Connect Around a Common Interest

As iron sharpens iron, so one man sharpens another.

~Proverbs 27:17 (NIV)

I had 2 opportunities this week to talk with people who were as excited as I was about a common topic.  The first opportunity centered on a software tool called QlikView.  The other was around the area of personal development.

In both cases, there was an excitement as we discussed our common interest.  Ideas were shared, questions were asked and answered, problems and setbacks were discussed, and suggestions for improvement were provided.   I loved the exchanged because I felt like I was not only heard, but I got to give value to the other people, as well as receiving value from them in return.  Those exchanges were highlights of my week.

It reminds me how important it is to spend time with people who are on the same path as me, in an area where I want to improve.  Some of the benefits of doing so include:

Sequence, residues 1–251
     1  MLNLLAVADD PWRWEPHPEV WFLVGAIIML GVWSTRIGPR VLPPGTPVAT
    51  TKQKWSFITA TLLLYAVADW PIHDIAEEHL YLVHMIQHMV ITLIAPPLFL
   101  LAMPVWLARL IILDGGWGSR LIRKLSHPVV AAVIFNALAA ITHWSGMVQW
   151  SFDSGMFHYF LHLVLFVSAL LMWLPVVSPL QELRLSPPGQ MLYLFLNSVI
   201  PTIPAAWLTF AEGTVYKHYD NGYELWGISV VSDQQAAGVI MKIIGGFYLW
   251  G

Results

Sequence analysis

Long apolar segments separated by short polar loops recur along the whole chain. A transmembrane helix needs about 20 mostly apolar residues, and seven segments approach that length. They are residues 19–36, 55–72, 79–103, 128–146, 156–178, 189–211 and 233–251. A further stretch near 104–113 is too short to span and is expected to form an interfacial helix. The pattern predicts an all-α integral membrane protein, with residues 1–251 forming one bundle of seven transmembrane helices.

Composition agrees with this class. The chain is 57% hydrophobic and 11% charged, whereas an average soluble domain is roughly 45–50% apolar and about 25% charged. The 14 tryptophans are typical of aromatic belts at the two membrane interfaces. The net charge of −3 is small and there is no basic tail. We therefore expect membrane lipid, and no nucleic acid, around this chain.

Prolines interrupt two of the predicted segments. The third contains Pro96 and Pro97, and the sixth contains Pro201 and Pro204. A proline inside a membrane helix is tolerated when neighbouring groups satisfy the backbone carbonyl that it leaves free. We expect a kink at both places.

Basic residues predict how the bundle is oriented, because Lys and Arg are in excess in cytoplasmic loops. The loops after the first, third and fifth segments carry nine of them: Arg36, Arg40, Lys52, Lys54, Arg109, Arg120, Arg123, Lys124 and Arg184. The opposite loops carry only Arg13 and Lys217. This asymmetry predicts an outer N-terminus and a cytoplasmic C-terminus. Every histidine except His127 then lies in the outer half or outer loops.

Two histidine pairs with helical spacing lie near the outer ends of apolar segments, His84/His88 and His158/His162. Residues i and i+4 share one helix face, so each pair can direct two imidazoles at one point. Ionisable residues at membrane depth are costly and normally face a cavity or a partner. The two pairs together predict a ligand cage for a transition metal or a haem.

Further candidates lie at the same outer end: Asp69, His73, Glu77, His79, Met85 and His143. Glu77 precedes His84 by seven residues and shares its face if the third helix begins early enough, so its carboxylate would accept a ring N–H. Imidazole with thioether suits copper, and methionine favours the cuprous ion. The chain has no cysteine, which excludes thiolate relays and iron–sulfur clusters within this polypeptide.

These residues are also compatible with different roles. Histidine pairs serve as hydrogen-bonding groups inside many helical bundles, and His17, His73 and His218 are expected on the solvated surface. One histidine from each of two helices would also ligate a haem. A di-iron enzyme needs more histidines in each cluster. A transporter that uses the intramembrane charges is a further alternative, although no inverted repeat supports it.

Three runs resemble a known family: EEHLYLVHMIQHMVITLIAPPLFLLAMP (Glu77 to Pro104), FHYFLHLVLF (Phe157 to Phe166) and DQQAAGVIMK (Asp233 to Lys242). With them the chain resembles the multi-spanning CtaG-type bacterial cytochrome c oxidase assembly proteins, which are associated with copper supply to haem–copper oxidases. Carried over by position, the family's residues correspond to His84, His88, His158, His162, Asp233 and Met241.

• Being exposed to new thoughts, concepts, and ideas
  • Deepening your understanding of the topic
  • Sharing what you’ve learned with others
  • Being able to ask questions to someone who can potentially help you or point you in the right direction
  • Making connections with people who share a common interest
  • Increasing your network
  • Hearing what other people are working on, struggling with, or discovering in the same area as you
  • Feeling like you’re on a journey with others instead of being isolated and traveling alone

Those conversations this week were very rewarding, and left me wanting more interactions just like those.  I’ll certainly be looking for similar opportunities, only at a higher frequency per week.

Be on the lookout starting today for opportunities to connect with others around a common interest.  Not only will you have fun discussing it with someone else, you just may have the knowledge and experience someone else needs to hear in order to get unstuck.

This is What Discipline Looks Like